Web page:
(Author unknown)

Tuesday, May 8, 2012

Hazards On The Hermeneutical Highway

There are three major categories of mishandling Scripture:

1. Mis-interpretation - ascribing the wrong meaning to a passage. This is the most disastrous because it involves getting the interpretation completely wrong.
2. Sub-interpretation - failing to ascertain the full meaning of a passage. Nothing erroneous is said in this scenario but it does involve erring on the side of too little information, especially if an important point is missed.
3. Super-interpretation - attributing more to a passage than actually exists. This is the most dangerous because it involves a mixture of correct interpretation with some fantasy elements. We need to be extra careful with this because people often have a tendency to lower their discernment radar if the interpreter starts out soundly before veering into heresy land.

The most common hermeneutical problems in modern day evangelical churches can be clearly seen via a simple perusal of the surrounding text. One classic example of this would be in Matthew 18:

Truly, I say to you, whatever you bind on earth shall be bound in heaven, and whatever you loose on earth shall be loosed in heaven. Again I say to you, if two of you agree on earth about anything they ask, it will be done for them by my Father in heaven. For where two or three are gathered in my name, there am I among them." (Matthew 18:15-20 ESV)

“When two or three gather in God’s Name He is there among us. Whatever we bind and loose on earth shall be bound and loosed in heaven.” This was a very popular saying in the Pentecostal church that I attended for ten years. I would have heard this quoted hundreds of times and almost always at every prayer meeting. I don’t think it is entirely incorrect to believe that God is among us when we gather in His Name, but it is amazing that, considering the number of times this verse was quoted, I never heard it in its context. If we start just three verses earlier the context becomes very clear even to the lightweight theologian:

If your brother sins against you, go and tell him his fault, between you and him alone. If he listens to you, you have gained your brother. But if he does not listen, take one or two others along with you, that every charge may be established by the evidence of two or three witnesses. If he refuses to listen to them, tell it to the church. And if he refuses to listen even to the church, let him be to you as a Gentile and a tax collector. Truly, I say to you, whatever you bind on earth shall be bound in heaven, and whatever you loose on earth shall be loosed in heaven. Again I say to you, if two of you agree on earth about anything they ask, it will be done for them by my Father in heaven. For where two or three are gathered in my name, there am I among them." (Matthew 18:15-20 ESV)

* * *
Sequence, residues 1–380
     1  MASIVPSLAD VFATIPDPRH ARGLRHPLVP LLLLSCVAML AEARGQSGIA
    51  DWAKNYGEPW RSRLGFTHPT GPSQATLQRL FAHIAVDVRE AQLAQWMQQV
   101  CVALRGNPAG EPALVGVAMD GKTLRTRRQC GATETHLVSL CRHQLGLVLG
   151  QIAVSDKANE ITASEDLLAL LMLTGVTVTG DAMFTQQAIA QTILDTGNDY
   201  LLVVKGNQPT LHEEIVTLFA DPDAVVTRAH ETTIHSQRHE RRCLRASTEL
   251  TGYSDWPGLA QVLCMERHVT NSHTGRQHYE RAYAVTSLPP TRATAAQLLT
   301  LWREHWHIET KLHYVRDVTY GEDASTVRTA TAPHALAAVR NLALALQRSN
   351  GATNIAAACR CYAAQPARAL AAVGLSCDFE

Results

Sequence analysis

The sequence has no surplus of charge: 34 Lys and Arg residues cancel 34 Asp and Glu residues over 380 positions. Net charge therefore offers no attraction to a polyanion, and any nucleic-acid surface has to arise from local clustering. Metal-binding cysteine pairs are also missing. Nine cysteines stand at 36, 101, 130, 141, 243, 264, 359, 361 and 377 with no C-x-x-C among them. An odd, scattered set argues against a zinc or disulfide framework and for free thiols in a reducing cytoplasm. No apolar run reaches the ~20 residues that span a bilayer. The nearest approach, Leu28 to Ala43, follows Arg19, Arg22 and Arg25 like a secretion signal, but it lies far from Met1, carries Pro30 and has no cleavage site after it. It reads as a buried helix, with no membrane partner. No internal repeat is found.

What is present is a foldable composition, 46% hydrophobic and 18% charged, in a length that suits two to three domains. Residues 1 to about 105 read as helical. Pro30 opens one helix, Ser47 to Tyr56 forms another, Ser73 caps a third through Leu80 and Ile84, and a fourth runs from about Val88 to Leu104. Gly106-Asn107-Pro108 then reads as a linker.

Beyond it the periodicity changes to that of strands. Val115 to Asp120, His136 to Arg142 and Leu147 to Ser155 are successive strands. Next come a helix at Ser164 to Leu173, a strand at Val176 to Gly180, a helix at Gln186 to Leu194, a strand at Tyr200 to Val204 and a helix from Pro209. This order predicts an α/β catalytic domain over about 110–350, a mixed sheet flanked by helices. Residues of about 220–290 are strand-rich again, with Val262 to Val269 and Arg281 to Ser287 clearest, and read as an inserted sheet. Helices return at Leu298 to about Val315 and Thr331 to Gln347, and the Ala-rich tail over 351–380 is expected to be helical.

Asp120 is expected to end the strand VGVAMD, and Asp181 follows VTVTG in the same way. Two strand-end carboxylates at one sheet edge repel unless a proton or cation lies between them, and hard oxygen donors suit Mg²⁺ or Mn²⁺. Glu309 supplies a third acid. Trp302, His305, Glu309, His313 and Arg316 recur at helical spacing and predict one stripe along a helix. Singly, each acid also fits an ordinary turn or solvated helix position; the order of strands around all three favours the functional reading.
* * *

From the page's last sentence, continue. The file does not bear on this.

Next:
What is the context here? Church discipline! Church discipline is the true Christian’s friend and the false Christian’s reality check. It restores the fallen brother and removes the false convert. God, in His kindness, delays His wrath, giving lost sinners time to repent. In this time when God restrains His wrath (that will come one day) He has given the church the authority to deal with unrepentant sin in the congregation. Paul teaches in 1 Corinthians 5 that God deals with those in the world and the church deals with those inside church. And sometimes the church casts people out into the world to protect the believers and in the trust that God will now deal with them. And here God tells us that He is with church leaders when they practice church discipline in accordance with Matthew 18:15-17.

The good news for the layman wrestling with alarm bells every time he hears his pastor preach in “mega-church suburbia” is that most hermeneutical errors fall into the same category as the example above. A plain reading of the surrounding text usually detects the common error of simply ignoring the context of an easily understandable passage.

But wait there’s more! There are other hazards that regularly appear on the narrow hermeneutical highway. The popular phrase “my life verse” is the description many people give to a Bible verse that they like and then personalize in application to themselves. And the Behemoth of modern day “life verses” would have to be Jeremiah 29:11.

This may be therapeutic to our self esteem but is it a reflection of biblical truth applied personally? Reading this verse in its context and wider context we learn that this is a part of a particular message, to a particular people, at a particular time, in a particular situation. What was the situation of Jeremiah 29:11?

Israel had been taken by the Babylonians into captivity. The Temple in Jerusalem was in ruins and the king had had his eyes cut out. The glory of Israel as a nation was finished. But in the midst of this terrible situation – God speaks: